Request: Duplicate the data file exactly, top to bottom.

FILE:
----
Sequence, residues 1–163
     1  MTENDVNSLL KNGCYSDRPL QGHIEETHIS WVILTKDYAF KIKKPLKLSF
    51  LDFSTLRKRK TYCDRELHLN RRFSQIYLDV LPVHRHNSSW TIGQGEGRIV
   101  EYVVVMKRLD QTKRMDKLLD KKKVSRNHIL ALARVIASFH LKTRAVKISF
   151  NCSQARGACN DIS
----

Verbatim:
Sequence, residues 1–163
     1  MTENDVNSLL KNGCYSDRPL QGHIEETHIS WVILTKDYAF KIKKPLKLSF
    51  LDFSTLRKRK TYCDRELHLN RRFSQIYLDV LPVHRHNSSW TIGQGEGRIV
   101  EYVVVMKRLD QTKRMDKLLD KKKVSRNHIL ALARVIASFH LKTRAVKISF
   151  NCSQARGACN DIS